If Nancy DiNardo doesn’t already have a case of Mondays, Connecticut’s Democratic Party chairwoman probably will now.
Republican Tim Herbst, elected to a third term as first selectman in DiNardo’s hometown of Trumbull in November, has filed exploratory papers for statewide office.
Among the offices on Herbst’s radar is state treasurer, a position held by the state’s longest tenured statewide official, Denise Nappier, who is seeking re-election.
Herbst, 32, sent out an email blast to reporters just before midnight.
“Trumbull is a microcosm of the state of Connecticut both in its diverse makeup and desire for strong services and a quality of life at an affordable price,” Herbst said in a statement. “We must restore the promise of Connecticut just as we have restored the promise of Trumbull. In these challenging economic times, we need leaders who are willing to make the tough decisions, forge consensus and protect the money of the people we serve.”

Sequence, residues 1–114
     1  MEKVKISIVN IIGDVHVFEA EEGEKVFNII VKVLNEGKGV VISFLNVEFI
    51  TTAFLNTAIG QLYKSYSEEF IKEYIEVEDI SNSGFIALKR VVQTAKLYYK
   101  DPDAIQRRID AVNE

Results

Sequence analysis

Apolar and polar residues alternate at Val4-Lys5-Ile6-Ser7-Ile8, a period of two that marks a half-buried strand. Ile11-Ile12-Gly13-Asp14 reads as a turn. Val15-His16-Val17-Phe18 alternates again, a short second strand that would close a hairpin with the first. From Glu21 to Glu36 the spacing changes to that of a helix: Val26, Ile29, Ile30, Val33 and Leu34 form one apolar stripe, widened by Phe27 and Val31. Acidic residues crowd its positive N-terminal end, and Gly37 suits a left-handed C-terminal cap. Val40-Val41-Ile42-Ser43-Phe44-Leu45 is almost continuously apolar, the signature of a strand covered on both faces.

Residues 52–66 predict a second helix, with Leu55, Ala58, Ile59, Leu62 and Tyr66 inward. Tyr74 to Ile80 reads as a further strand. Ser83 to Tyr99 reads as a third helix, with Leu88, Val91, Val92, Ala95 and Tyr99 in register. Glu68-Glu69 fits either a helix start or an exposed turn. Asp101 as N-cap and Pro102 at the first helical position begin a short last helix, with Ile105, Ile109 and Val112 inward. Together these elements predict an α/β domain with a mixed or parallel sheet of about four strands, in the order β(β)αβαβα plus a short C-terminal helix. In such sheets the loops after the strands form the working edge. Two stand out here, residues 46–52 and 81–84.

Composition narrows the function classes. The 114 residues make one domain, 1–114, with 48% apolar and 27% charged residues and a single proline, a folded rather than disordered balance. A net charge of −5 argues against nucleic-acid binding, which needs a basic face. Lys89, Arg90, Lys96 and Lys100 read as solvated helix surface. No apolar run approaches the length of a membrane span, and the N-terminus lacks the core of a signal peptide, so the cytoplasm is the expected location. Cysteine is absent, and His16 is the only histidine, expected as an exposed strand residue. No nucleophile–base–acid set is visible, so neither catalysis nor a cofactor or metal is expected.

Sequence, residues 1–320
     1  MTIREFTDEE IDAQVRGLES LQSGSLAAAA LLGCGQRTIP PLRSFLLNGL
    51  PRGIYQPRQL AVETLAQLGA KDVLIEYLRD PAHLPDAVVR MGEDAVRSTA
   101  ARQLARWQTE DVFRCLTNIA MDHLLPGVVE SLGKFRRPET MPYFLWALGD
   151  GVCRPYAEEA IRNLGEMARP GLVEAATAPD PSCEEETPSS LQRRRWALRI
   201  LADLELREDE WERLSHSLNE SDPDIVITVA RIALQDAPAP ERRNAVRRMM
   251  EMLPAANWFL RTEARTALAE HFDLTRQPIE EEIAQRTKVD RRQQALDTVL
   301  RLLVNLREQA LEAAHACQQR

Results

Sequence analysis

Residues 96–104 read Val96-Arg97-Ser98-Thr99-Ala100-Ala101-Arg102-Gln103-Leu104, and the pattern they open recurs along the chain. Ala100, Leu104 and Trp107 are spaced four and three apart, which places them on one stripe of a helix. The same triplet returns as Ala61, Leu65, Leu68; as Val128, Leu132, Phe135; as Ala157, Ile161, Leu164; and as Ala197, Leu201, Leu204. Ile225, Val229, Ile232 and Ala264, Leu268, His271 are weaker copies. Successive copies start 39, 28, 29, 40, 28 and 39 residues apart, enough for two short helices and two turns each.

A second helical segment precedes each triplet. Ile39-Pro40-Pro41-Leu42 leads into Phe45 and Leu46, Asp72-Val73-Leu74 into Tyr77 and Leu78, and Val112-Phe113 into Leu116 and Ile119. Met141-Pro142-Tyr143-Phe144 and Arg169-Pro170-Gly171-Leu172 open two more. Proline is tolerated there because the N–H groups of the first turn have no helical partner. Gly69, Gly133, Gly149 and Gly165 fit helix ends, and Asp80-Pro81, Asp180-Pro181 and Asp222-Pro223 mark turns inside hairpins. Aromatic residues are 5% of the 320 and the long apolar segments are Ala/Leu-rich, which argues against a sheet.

The betting money is on a pithy reaction from DiNardo, a vociferous detractor of Herbst who also heads the Democratic Town Committee in Trumbull.
Nappier oversees about $50 billion in state funds, including $26 billion in retirement assets of state pensioners, teachers and select municipal employees.
Last March, she said the state teachers pension fund is 62 percent funded, compared to 40 percent on the state employee side.
A thorn in the side of Democrats, who have a monopoly when it comes to statewide offices, Herbst amassed 70 percent of the vote in the November municipal election in Trumbull.